The first step was;
”Mother will have predictable and consistent visitation with [Child] on alternate weekends or at such times and places as she and Paternal Grandparents shall agree.”

Additionally, per the agreement, Mother was to maintain stability in housing and complete a parenting class. At some point Grandparents discovered that while Mother was living with her mother there were also two individuals living there facing charges relating to methamphetamine for which they were later convicted pursuant to a plea agreement. The charging information also alleged the presence of a handgun among other offenses. Grandparents decided that the child would not be allowed to have overnights with Mother at Maternal Grandmother’s home but did allow daytime visits based upon Grandmother’s assertion that the two individuals would no longer be there. At some point, however, Mother posted a picture on Facebook of one of the people convicted of drug offenses sleeping on a couch next to Child at Maternal Grandmother’s home.

After seeing that picture, Grandparents stated that parenting time would have to occur at a public location rather than in Maternal Grandmother’s home. Mother selected the location for those visits. At some point, Mother failed to show for one of the visits. On another occasion, Maternal Grandmother came with Mother to the visit and engaged Grandparents in a verbal altercation in front of Child when they refused her request to have Child spend Christmas at her home.

Grandparents sent Mother a letter stating that they planned to have her visits at an agency which is able to supervise parenting time. They provided Mother with the agency’s phone number and the name of the contact person to call to set up the visits. In the letter, Grandparents also stated that Mother could take Child to her family’s Christmas party on Christmas Eve.

Mother did not call the agency nor did she take Child to her family’s Christmas party because “somethin’ came up.” Additionally, Mother had failed to complete a parenting class despite having over three years to do so. She had failed to obtain stable housing, instead living in multiple states and cities with different boyfriends, at times actively concealing her location from Grandparents. Mother essentially gave up on seeing her son when minimal efforts were required of her to maintain a relationship. If she didn’t want to place a call to set up parenting time or exercise it anywhere but at her mother’s apparently unsafe home then she had due process options.

Not surprising though, Mother never sought mediation pursuant to the Mediation Agreement that established physical and legal custody in Grandparents, gave them discretion over facilitating parenting time, and required Mother to perform some simple tasks. In short, Mother failed to comply with portions of the Agreement that would have demonstrated an effort to be involved in parenting her child.

In conversations that I have had with Judge Fee it is clear that he embraces the parent-child relationship and is reticent to stand between a parent and child. In this matter though I feel that he let his reverence for the parent-child relationship subvert what would be best for this child. I would be cautious in granting favour to litigants who rushed to court on the first day possible to circumvent Mother’s consent. This strategy was likely done to avert contentious litigation and out of frustration from not having Mother be a stable force in Child’s life. I would rather have seen Grandparents file sooner and make the evidentiary presentation that Mother had abandoned her parenting obligations. If such had happened I am confident that Judge Fee would have clearly seen and then admonished Mother for her abandonment of her son, something that may induce her into accepting a greater role in her son’s life.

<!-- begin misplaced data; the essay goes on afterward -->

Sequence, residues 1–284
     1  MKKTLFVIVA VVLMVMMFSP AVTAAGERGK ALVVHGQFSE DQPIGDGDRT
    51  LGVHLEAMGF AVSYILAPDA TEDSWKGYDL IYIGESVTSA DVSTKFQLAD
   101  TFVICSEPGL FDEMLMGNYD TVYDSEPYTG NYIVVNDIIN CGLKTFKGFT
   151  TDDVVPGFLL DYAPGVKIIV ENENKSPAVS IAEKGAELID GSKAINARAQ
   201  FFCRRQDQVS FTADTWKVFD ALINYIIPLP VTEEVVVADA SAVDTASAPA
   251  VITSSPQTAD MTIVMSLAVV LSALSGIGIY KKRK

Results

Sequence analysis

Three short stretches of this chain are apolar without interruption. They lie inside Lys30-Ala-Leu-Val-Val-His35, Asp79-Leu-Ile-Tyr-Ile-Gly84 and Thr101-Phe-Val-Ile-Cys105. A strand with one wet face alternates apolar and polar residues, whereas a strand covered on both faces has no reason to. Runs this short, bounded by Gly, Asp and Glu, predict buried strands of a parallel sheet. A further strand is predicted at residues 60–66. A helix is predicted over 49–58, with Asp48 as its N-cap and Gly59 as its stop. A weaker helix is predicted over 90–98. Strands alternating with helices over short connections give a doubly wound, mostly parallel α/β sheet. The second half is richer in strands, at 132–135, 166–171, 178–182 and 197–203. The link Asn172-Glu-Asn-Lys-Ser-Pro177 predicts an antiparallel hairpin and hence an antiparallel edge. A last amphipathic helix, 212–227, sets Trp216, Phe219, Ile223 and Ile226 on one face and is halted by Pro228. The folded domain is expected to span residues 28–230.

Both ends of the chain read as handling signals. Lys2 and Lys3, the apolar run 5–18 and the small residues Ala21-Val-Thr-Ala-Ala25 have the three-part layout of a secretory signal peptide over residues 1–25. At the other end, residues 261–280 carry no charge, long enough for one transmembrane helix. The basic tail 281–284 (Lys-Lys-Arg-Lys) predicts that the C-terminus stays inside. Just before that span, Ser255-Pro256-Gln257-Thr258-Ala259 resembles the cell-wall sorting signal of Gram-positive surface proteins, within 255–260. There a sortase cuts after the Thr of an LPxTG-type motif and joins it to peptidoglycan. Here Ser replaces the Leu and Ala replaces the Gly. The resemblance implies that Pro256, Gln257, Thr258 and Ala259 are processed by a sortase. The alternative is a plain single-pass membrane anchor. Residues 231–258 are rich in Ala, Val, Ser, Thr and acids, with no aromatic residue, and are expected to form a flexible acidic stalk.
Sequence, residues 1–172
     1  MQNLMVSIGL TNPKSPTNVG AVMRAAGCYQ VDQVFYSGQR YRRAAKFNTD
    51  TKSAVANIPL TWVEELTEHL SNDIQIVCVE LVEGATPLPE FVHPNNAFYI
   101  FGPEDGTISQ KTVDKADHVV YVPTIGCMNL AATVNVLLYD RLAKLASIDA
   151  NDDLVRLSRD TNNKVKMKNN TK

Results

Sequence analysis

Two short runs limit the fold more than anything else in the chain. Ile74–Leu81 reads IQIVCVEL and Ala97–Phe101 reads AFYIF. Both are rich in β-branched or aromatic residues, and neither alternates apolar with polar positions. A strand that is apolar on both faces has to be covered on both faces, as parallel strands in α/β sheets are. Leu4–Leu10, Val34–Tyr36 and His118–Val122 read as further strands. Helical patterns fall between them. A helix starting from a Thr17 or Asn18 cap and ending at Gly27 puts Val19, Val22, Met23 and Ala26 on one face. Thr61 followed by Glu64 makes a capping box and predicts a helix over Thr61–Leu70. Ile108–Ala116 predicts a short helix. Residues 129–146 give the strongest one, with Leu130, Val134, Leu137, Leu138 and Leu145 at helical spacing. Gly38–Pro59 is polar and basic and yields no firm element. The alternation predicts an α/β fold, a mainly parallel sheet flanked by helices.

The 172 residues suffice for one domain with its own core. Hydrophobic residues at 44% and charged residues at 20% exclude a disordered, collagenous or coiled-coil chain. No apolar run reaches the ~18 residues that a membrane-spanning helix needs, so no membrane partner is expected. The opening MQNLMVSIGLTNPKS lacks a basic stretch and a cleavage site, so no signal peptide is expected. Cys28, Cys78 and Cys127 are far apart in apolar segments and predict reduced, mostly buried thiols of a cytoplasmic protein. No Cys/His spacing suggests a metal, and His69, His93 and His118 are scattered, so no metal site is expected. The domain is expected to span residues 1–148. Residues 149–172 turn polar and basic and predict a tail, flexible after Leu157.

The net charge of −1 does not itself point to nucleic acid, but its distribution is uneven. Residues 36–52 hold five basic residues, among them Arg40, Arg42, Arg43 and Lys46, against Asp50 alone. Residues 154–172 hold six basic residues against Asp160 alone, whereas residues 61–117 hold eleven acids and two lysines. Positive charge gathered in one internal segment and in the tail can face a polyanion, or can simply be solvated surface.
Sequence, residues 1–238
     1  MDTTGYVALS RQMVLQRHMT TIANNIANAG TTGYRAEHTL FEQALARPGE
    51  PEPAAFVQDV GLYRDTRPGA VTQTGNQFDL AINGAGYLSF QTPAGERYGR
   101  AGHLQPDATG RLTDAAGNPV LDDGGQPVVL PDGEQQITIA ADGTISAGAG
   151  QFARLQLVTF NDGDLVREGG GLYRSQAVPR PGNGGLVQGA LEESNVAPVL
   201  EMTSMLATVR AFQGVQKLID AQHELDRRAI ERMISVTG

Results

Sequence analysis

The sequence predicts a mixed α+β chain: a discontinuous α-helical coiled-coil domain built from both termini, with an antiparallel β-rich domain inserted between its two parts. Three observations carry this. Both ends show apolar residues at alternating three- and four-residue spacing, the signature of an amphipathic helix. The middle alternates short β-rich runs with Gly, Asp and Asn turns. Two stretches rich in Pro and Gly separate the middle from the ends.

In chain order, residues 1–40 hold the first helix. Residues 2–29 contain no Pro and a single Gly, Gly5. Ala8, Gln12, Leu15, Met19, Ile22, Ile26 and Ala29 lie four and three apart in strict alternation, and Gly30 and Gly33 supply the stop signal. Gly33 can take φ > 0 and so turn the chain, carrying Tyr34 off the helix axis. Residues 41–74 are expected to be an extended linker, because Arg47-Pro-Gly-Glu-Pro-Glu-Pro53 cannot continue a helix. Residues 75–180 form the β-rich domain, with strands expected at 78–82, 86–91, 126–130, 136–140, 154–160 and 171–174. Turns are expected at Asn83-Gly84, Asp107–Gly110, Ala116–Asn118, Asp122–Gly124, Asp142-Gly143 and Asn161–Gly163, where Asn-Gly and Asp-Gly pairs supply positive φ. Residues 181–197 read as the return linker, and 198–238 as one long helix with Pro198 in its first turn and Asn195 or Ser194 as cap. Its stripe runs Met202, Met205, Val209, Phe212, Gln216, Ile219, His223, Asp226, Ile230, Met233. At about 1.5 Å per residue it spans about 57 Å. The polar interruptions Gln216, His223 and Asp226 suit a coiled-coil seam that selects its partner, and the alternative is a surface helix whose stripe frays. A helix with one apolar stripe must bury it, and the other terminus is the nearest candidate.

I recognize that it is necessary to protect the parent-child relationship as that is a precious right protected by our Federal and State constitutions.[en8] When that right has deteriorated to the point of only being exercised in a token manner, such as two or three phone calls or text messages in one year, then a statutory provision exists to create a new relationship in another parent figure without the parent’s consent. That should be done for the benefit of the child and the Court was correct in remanding for such to occur.


[1] Ind. Code § 31-19-9-1(a)
[2] Indiana Code section 31-19-9-8
[3] In re Adoption of S.W., 979 N.E.2d 633, 640 (Ind. Ct. App. 2012)
[4] In re Adoption of C.E.N., 847 N.E.2d 267, 271-72 (Ind. Ct. App. 2006) (internal citations omitted)
[5] In Re the Adoption of H.J.S., Indiana Court of Appeals, decided 31 March 2015
[6] In re Adoption of T.L., 4 N.E.3d 658, 662 (Ind. 2014) citing Rust v. Lawson, 714 N.E.2d 769, 771 (Ind. Ct. App. 1999)
[7] In seeking an adoption without consent from the parents, the petitioner must meet the burden of proof by clear and convincing evidence. In re Adoption of S.W., 979 N.E.2d 633, 640 (Ind. Ct. App. 2012)
[8] In re Adoption of C.B.M., 992 N.E.2d 687, 692 (Ind. 2013)